“In foreign policy, you don’t say everything you think in public. It’s not enough to be right. You also have to say it at the right time, otherwise you risk getting the opposite result you want. I’ll say it without chance . . . sigh”, former French ambassador to the US Gérard Arad recently tweeted Emmanuel. Macron wrote without mentioning his name.
The latest criticism of Paris is a major disappointment for French diplomacy as Emmanuel Macron tries to reframe his message, having already sparked anger in Kiev and other Eastern European capitals by saying in the spring that Russia should not be “humiliated”. In September, the French president delivered a widely praised speech to the United Nations General Assembly in which he urged non-aligned countries to break with Ukraine or risk working with “a certain complicity in the cause of the new imperialism.”
France has also stepped up arms supplies to Ukraine and made it more visible. In a way, the balancing act that Emmanuel Macron seems to be engaging in is not surprising. Since his first election in 2017, the president’s foreign policy has consisted of launching initiatives and trying to shake things up. In his view, his statements about NATO being “brain dead” in 2019 have fueled debate within the alliance rather than unrest.
Russia? Macron’s fault
Emmanuel Macron rarely goes back on his past statements. He strives to explain, convince and demonstrate his successes on the international stage, say his collaborators, who salute his energy, his willingness to tackle complex problems and his ability to capture a good time. However, a growing number of critics and allies see Russia as its biggest diplomatic blunder.
They are raising their reservations in the face of what would appear to be a pure and simple military defeat for Russia, which has been retreating on the ground since the Ukrainian counteroffensive began at the end of the summer. For the Soviet Union’s former satellite states in Eastern Europe, where Russia clearly needs to be defeated so that it is no longer a threat, the French president, for his part, feels that a potential Russian defeat must be managed with finesse.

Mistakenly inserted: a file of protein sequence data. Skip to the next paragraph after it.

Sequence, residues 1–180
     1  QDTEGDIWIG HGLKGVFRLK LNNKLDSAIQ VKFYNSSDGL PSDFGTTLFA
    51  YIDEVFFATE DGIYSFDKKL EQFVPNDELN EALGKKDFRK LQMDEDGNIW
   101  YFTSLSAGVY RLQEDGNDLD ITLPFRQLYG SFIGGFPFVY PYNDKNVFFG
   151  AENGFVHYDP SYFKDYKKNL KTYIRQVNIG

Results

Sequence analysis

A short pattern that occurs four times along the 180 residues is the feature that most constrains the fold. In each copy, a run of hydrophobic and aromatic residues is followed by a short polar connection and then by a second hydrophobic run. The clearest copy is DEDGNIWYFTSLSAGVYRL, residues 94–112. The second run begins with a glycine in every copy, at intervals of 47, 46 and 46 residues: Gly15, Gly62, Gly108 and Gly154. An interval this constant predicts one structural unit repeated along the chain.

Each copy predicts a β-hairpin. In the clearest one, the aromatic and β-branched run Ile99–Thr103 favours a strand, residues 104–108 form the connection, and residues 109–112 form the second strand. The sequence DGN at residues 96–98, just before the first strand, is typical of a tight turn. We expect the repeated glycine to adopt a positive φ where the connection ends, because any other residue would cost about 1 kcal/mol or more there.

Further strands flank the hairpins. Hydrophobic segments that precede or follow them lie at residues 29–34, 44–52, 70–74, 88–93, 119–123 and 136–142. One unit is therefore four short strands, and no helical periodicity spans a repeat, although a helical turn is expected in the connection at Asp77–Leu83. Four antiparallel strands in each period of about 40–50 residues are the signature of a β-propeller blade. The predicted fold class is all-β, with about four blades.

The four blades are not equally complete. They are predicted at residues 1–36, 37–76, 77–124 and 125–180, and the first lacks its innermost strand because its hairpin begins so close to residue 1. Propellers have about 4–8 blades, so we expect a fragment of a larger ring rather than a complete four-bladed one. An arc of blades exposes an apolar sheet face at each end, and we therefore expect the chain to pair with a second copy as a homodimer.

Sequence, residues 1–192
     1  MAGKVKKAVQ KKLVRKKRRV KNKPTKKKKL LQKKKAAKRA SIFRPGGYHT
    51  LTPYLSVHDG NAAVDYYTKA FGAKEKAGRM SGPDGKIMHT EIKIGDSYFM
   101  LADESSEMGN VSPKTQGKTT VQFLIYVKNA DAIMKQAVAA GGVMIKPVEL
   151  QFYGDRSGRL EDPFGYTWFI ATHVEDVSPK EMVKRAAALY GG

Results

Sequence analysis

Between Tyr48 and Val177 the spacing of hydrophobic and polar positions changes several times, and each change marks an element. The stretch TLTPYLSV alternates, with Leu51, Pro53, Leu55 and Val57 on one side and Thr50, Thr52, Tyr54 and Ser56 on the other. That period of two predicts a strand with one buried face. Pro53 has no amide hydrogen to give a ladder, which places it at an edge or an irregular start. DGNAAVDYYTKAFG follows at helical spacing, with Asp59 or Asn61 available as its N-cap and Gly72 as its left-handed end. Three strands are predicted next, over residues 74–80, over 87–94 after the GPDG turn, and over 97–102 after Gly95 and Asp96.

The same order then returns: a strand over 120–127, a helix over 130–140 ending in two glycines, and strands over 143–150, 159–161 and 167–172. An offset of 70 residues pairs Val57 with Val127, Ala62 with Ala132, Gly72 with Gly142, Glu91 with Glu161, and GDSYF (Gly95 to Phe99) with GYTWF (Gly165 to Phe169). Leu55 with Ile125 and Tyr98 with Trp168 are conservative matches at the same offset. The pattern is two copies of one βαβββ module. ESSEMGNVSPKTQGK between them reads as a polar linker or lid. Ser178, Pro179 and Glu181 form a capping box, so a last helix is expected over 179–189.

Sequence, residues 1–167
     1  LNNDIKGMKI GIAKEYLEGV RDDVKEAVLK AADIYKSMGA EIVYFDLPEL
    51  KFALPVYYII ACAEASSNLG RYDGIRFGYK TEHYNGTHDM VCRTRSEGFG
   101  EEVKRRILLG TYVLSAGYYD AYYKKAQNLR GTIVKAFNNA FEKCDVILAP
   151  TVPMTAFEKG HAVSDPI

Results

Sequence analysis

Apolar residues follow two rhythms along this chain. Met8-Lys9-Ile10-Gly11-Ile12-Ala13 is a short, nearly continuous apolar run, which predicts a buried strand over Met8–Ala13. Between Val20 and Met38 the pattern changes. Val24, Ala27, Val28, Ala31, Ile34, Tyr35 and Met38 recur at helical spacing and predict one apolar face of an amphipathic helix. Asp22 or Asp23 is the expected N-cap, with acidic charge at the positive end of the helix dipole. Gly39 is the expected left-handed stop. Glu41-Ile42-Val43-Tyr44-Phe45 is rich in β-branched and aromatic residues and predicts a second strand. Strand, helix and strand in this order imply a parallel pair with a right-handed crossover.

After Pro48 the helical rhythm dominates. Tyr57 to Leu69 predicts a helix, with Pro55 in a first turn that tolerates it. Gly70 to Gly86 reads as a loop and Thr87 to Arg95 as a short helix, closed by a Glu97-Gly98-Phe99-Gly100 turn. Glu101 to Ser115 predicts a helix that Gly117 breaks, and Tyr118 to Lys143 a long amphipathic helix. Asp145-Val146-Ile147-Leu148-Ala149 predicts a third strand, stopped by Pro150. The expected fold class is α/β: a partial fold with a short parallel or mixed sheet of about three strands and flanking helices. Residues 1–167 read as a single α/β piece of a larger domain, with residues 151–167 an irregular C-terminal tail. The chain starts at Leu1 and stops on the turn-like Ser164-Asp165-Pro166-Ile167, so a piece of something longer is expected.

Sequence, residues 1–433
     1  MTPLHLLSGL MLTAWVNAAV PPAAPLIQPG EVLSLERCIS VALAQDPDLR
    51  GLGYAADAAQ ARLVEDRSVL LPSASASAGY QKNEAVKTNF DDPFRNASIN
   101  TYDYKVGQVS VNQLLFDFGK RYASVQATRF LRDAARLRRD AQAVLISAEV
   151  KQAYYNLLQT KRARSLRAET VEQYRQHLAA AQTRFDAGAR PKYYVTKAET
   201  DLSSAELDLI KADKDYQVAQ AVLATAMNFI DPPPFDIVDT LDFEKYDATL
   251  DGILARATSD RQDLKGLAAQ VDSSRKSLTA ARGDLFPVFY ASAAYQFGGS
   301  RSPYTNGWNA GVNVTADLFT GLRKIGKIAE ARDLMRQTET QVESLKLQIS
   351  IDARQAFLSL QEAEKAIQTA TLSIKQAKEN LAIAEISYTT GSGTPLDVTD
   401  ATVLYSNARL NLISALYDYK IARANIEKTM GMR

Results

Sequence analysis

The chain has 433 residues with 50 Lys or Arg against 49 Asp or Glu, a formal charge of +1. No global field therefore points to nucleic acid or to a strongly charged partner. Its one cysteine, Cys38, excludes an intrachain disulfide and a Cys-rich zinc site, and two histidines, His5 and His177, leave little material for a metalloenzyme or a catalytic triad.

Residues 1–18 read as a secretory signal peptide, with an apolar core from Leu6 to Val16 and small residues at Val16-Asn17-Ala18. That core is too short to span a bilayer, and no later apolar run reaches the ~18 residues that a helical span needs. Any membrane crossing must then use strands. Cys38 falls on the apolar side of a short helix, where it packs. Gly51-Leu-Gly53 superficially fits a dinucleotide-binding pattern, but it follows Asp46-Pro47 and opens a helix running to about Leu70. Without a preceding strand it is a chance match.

It represents a view widely held in France – but disputed elsewhere – that the harsh financial and territorial sanctions imposed on Germany at the end of World War I under the Treaty of Versailles served as seeds of resentment. 20 years later. Some diplomats in Eastern Europe fear that Vladimir Putin, who sees the United States as the only real power in the Western bloc, will use Emmanuel Macron to sow discord within NATO and exploit the slight Franco-German divide.
Putin at Versailles
A senior Russian diplomat praised Emmanuel Macron’s vision and willingness to secure future ties between Russia and France, where others want to sever all ties. Since his first days as president in 2017, Emmanuel Macron has been keen to resume a strategic dialogue with Russia. Vladimir Putin at the Palace of Versailles. While the highlight of the meeting was praise for the Russian president, it did not lead to substantial progress.
In the first half of this year, when France was president of the Council of the European Union, the president of the republic indicated that he was keeping communication channels open with Vladimir Putin, and recently aimed at a possible creation of zone protection around the Zaporizhia nuclear power plant, whose surroundings are frequently bombed. Again without concrete results.
Before heading to Washington, Emmanuel Macron said he would speak with his Russian counterpart “in the coming days.” This interview is not official yet.